Anniversary to be celebrated with music and other events
By Christine Simek
On Sept. 15 and 16, the Chapel of Our Lady Restoration in Cold Spring will commemorate the 35th anniversary of its restoration with a celebratory weekend of musical performances, a historical exhibition — which will include prints of Thomas Wharton’s sketches of the chapel and village that were recently discovered in the New York Public Library — as well as tours, refreshments and other festivities. Local musicians will headline the event.
Local folks may be familiar with the chapel, to the extent that they know its location and may have heard something of the summer concerts held there or, perhaps, have seen one of the funky posters hanging around town advertising the Sunset Reading Series, which hosts nationally known authors at the chapel throughout the summer and fall.
According to members of the chapel’s board, the hope of the anniversary celebration is to make the Chapel of our Lady Restoration an integral part of the Philipstown community and to increase both its use and the involvement of residents in its care and preservation.
Built in 1833 of locally made red brick covered with stucco, the idea for the chapel was conceived by Governor Kemble — a lifelong patron of the arts and former diplomat who was a partner in establishing the West Point Foundry — who also donated the land and funds. The chapel was designed in the Greek Revival style by a young immigrant, 18-year-old Thomas Kelah Wharton. Abandoned in 1906, the building fell victim to the forces of nature and time.
The structure was ravaged by fire in 1927, and it laid in ruin until 1971 when, in the words of The New York Sunday News, “A Methodist, a Lutheran, a Jew, a Presbyterian or two, a scattering of Episcopalians and a handful of Catholics,” including actress Helen Hayes, came together to buy it from the archdiocese and undertake its restoration. Once the restoration was complete, the chapel was dedicated as an ecumenical site in 1977. In 2009 a low-laying and “green” addition — the chancery — was made to the locale.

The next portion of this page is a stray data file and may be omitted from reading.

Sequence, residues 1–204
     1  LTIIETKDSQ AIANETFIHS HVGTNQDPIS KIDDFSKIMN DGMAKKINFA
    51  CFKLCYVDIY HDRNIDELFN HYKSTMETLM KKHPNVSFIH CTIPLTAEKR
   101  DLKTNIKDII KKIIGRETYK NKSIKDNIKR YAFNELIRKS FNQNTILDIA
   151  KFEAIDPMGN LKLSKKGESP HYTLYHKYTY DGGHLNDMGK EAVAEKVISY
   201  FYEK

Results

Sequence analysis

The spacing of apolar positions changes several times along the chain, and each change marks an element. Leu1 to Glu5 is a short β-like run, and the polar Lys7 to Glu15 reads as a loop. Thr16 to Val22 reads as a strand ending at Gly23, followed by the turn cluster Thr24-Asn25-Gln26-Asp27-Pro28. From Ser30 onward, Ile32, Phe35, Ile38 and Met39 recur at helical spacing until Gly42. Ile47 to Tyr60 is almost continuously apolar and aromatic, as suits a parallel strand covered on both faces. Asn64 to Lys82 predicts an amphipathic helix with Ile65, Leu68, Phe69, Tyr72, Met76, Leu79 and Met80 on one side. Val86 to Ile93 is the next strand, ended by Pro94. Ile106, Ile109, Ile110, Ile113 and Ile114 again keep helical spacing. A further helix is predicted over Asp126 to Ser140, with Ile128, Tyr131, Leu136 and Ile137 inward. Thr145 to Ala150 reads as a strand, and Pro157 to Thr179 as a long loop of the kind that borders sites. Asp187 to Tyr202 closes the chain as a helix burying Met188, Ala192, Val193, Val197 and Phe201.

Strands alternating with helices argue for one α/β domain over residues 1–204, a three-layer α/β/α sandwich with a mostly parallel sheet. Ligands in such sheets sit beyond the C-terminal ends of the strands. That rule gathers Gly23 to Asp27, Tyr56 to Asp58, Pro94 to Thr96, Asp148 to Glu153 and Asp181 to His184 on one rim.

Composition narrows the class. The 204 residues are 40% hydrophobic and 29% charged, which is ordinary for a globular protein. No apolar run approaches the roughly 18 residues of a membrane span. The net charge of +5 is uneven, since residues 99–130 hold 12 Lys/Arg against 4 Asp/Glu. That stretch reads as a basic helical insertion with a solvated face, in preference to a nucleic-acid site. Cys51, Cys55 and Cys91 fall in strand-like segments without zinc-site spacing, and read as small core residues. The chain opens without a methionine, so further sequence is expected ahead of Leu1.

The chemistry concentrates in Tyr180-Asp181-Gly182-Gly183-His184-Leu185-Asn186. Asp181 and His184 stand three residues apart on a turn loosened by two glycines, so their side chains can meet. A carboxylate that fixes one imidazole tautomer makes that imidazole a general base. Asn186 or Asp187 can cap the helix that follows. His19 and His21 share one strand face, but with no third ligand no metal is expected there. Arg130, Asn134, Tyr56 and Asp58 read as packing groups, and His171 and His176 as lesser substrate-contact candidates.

Board member Marcelline Thompson said, “The next chapter for the chapel features essential objectives of fundraising and outreach … driven by the desire to more fully embrace the community and promote its involvement.” According to Thompson, “There are many needs, not the least of which is to air condition the chapel, but the board’s great hope is to inaugurate a schedule of opening hours so that this beautiful building, listed on the National Register of Historic Places, can become a destination, one to be enjoyed by all.”
The proposed fjord hike/bike trail (connecting Cold Spring and Beacon along the Metro-North line) and the current renovation and rebuilding of the West Point Foundry Preserve situates the chapel at the heart of Cold Spring’s waterfront, a location that could make it a port of call for tourists and residents alike.
Mike Armstrong, president of the chapel board says, “We’re encouraging construction of a path on the west side of Market Street up to New Street so that people coming from Metro-North could use that route as an anchor to the river walk. Conceivably you could start at Foundry Dock Park, visit the chapel, and continue up towards Main Street where you could connect with the river walk going north.”
To keep the chapel open on a more regular basis would require it being staffed, however, and right now the nonprofit organization does not have the funds to pay for such an expense. The entirely volunteer board already puts time in on weekends to keep the free music series going and to check in at the facilities after weddings.
Each board member was quick to point out the chapel’s ecumenical character as being an essential part of its character. Despite the many wedding ceremonies that take place on the site, the Chapel Restoration was established as an all-inclusive, universally welcoming, non-denominational venue. The board is seeking to find ways to encourage residents and visitors of every creed, color and character to enjoy the beauty and peace that the space and setting cultivate.
Chapel board member Gail Greet Hannah, emphasizes this sentiment. “My hope for the future of the Chapel Restoration,” she says, “is that we are able to expand our role in the cultural life of the community and to collaborate strategically with our Putnam History Museum and Foundry Preserve partners to tell the compelling story of Cold Spring’s historic development and significance.”
In November 1834, the New York Mirror, wrote about the Chapel of our Lady: “Its situation, opposite West Point, on a high rock overlooking the Hudson, and surrounded by majestic mountains, is extremely well chosen, and the traveler … cannot but be struck with its romantic beauty.” Thompson concurred, “With everyone’s help, [the chapel] may finally take its rightful position in the pantheon of the area’s important sites and be a must-see stop on the route of the little green trolley.”
The schedule of musicians for the event is as follows: Saturday, Sept. 15, 1 p.m. Seth Gallagher, 3 p.m. Tiki Daddy, 5 p.m. Joe McPhee. Sunday, Sept. 16, 1 p.m. Tom McCoy and John Cimino, 3 p.m. Rebecca Cross, 5 p.m. Open Book (Michele Rubin, Rick Gender and Mike LaRocco). The events are free and open to the public.